Home Smart Phone Brain Scanner 2: part I

Smart Phone Brain Scanner 2: part I

This Article is from Arek Stopczynski:
Just one year ago our team at Technical University of Denmark (DTU) started Project Smartphone Brain Scanner. We obtained one Emotiv Epoc gaming neuroheadset and asked ‘can we make it fully mobile?’. This is how it has begun.
If you managed to escape all the hype we got about this in the media, check out in the press tab.

The first platform of choice was the Nokia N900 mobile computer, a fully fledged portable Linux box (that can even make calls). Thanks to community efforts, a kernel with USB hostmode was already there, allowing us to utilize the Epoc dongle. I compiled a hidraw module and voilà: data was flowing in 32 bytes packages to /dev/hidraw1.
Data from the Emotiv Epoc is encrypted. It is part of the business model of the company, to sell different licenses (i.e. decryption keys) with different dongles, giving access to different levels of data (game controller, extracted features, raw EEG). As a university, our first and subsequent sets were purchased as Research editions, giving us access to everything in the signal stream (including raw EEG data). But only on Microsoft Windows.
Initially we used parts of the code from the Emokit project. Some enterprising folks broke the encryption scheme and published the keys. This allowed us to access decrypted and demultiplexed data on the phone, initially using Python and later C++. This was awesome, but just the beginning.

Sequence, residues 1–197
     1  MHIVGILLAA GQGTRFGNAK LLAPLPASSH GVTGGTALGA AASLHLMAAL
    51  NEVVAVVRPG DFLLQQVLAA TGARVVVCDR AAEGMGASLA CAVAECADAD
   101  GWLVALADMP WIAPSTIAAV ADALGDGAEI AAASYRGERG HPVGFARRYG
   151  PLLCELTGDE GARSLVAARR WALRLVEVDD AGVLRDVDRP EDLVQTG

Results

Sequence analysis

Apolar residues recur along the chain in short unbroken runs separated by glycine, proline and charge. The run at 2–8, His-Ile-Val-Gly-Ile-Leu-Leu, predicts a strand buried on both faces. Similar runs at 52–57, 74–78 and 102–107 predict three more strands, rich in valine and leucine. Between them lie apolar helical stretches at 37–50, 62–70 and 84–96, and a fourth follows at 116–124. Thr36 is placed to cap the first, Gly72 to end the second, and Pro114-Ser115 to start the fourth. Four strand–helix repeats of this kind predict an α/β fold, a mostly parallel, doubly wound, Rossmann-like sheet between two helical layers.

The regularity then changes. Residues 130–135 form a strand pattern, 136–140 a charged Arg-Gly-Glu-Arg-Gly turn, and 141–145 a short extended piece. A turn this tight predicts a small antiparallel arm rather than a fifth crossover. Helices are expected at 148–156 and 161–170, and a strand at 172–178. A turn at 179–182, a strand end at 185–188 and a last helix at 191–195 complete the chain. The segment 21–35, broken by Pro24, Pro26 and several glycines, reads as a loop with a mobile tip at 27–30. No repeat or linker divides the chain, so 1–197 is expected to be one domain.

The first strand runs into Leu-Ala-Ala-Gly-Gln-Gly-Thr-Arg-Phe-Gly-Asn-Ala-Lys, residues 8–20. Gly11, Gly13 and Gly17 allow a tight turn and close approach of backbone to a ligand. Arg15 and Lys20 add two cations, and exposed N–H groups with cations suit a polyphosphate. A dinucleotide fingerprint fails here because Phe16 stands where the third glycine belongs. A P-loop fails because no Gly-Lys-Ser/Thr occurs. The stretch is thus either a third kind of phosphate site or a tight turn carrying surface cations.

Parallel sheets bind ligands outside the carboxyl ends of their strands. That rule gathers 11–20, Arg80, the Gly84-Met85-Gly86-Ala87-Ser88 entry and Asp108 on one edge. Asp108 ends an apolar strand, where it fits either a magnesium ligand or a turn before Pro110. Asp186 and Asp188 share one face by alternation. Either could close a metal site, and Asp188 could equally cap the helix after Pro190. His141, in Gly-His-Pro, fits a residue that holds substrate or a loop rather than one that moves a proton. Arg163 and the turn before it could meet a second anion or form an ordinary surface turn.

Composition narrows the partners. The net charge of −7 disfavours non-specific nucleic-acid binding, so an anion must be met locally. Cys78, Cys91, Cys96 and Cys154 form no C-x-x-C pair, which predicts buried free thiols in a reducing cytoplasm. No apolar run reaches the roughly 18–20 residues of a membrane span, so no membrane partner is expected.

Raw data from EEG (here 14 channels, 128 Hz) is just… well, numbers flowing in. A wide range of EEG analysis methods exist (notably collected in Matlab toolbox EEGLAB.). How much could we do on the mobile phone and in real-time?

Carsten Stahlhut, my colleague (currently post-doc) does remarkable work in the field of source reconstruction of brain activity. To explain in very simple terms: the current we measure with an EEG electrode is a sum of all activations in the brain, propagated through the brain itself, scalp, skin etc,. So what we measure with electrode A doesn’t necessary originate in the place in the brain closest to this electrode. The main task is to reconstruct the sources of the signal in the brain, instead of focusing just on the measured current. Carsten’s thesis is a good read if this sounds interesting (and you don’t mind some badass math).
Source reconstruction is computationally expensive. We are talking a 1028-vertices brain model (every vertex is a potential source of the signal), matrices of 1028×1028 and larger, real-time AES decryption, recording data, visualization, and so on. We need to overclock the N900 (again, power kernel is an amazing community effort) as much as we can, going up to 1.15GHz. Some phones do not like it so much and become unstable; luckily we have plenty to choose from. Still, some simplification of the calculations are implemented, everything to pursuit this hard real-time operation of the system.
In the next installment I will try to explain why we pursued this mobile, real-time, and complex approach to EEG at all. Why not just settle either on simple 2-3 electrodes portable systems, or big-and-serious but not mobile solutions?  Stay tuned!
Source Arek Stopczynski

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